Ally Enright loves bouncing on the trampoline, shooting basketball hoops and playing with her dog, but when the air reeks of the stench of Bromley’s burnt-out wastewater treatment plant she hides in her bedroom.
Even then, the smell creeps in.
“I always just constantly get the smell in my room and it makes me feel sick and want to spew,” she said.
Ally goes to Bromley School with Ezmae Campbell, who also holes up in her room when it stinks.
“I have to lock myself in my bedroom because of how smelly it smells,” she said.
Council contractors are about to start removing the rot from inside the plant’s trickling filters in a process that is expected to take four months, but parents and teachers are worried about their children’s health and the worsening stench over winter.
While the council insists there is no danger to public health, Bromley School teacher Cathy Baker carries a nagging concern.
“When the smell is at its worst we really worry about having the kids outside. We have a lot of kids with sore tummies. We don’t know what this revolting smell is doing to our children’s health,” she said.
Bromley School pupil Amelia Piggin said the smell put her off lunch and made it hard to concentrate in class.
“I would usually pull my top over my nose and mouth, nose mainly, so then I can’t smell it. It stops me from writing and doing work on my iPad because I can’t really do it when I’m holding my t-shirt up,” she said.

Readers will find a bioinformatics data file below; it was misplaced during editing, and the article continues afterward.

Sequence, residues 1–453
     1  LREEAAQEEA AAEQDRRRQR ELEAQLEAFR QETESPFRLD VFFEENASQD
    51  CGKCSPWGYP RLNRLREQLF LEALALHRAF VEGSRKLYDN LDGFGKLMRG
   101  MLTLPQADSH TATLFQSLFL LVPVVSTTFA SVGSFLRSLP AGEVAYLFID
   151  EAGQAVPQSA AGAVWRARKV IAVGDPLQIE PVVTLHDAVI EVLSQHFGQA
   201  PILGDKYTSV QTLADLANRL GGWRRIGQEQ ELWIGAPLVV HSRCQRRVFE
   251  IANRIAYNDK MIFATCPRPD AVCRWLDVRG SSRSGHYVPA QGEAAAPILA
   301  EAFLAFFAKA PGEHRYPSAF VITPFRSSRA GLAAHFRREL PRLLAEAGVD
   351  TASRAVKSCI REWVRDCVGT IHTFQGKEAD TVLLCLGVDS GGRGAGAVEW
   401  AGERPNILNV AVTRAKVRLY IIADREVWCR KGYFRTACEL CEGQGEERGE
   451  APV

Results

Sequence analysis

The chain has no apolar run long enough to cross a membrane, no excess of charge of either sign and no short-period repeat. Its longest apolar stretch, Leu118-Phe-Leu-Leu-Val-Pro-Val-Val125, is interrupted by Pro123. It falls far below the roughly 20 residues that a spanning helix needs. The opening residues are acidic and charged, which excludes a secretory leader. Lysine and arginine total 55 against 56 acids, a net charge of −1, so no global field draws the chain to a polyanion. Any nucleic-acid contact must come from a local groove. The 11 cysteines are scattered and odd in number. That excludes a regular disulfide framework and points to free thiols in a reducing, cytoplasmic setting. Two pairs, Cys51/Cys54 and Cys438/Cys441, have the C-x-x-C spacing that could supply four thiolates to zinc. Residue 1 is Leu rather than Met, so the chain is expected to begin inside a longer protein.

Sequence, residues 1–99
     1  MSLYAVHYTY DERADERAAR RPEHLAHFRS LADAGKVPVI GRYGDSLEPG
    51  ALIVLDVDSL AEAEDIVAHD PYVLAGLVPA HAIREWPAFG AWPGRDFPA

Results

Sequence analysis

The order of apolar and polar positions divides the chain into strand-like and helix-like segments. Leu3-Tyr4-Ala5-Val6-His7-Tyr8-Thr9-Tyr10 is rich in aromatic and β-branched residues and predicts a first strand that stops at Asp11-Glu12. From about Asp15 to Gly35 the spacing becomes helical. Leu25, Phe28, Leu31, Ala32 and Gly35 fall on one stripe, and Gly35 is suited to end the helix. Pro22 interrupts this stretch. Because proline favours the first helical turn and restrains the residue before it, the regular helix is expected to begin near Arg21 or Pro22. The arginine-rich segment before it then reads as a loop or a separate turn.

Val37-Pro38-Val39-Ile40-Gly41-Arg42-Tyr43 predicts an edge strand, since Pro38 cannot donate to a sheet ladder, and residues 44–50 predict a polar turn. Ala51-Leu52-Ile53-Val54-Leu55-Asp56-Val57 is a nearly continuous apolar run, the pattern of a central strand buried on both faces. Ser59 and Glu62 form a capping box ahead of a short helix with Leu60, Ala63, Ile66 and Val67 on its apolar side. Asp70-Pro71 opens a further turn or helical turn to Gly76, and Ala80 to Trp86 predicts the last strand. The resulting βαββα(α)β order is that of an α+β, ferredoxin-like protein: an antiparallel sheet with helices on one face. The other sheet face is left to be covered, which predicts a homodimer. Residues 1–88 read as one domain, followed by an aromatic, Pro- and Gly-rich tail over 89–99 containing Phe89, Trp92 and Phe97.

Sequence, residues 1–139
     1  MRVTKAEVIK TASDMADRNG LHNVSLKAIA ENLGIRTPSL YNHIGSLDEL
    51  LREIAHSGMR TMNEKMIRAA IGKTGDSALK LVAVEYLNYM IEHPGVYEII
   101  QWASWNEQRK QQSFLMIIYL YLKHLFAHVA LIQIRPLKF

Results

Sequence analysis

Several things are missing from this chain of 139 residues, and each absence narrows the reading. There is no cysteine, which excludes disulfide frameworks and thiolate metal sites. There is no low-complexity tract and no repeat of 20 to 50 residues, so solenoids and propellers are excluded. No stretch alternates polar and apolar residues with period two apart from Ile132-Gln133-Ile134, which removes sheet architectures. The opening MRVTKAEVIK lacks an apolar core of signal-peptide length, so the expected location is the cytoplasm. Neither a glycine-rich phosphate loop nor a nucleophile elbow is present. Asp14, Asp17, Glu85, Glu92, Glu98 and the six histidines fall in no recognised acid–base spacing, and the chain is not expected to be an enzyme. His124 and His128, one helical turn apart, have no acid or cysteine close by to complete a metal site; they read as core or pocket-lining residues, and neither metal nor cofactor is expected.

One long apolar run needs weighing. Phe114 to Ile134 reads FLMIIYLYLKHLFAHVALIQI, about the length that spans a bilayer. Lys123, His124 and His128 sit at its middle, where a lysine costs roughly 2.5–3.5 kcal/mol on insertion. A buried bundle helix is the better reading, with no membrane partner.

Sulphurous gases including one known as “swamp gas” were detected in specialist air quality tests around the plant last month.
The results detected small amounts of hydrogen sulphide and methyl mercaptan, but the council said they remained well within WorkSafe’s exposure standards.
Mother of three Abbi Skyes said her children were suffering from headaches, especially after playing sport.
“As soon as they’ve had a little run around in it they’re saying they’re tired, they’ve got a headache, they need to go home,” she said.
“We’ve been told it’s under WorkSafe guidelines, but we’re not working in it, we’re living in it. For little lungs to be breathing that in, it makes me concerned.”
Bromley School principal Scot Kinley has been trying to ventilate classrooms to reduce the risk of Covid infections and shut out the foul-smelling air at the same time.
He worries people are getting used to living with the stench.
“When you get used to it you stop taking precautions of fresh air and withdrawing from it and looking after yourself because you become almost acclimatised to it. I think that’s a huge concern,” he said.
“It must be playing havoc with people’s mental health. This is a low socio-economic area, it was absolutely smashed in the earthquakes and then high rates of the Covid virus. It’s not good enough, it has to be fixed.”
A big crowd is expected at a public meeting in Bromley tonight, where Christchurch mayor Lianne Dalziel and council chief executive Dawn Baxendale will again hear community pleas to clear the air.
Southern Demolition and Salvage will work 12-hour days, six days a week, to remove 26,000 cubic metres of material from the fire-damaged filters from 6 June.
The council has warned the smell could worsen as material deep inside is exposed to the elements and starts rotting, leaving Ally Enright contemplating a winter indoors.
“If it gets worse I’m probably not going to want to go outside at all,” she said.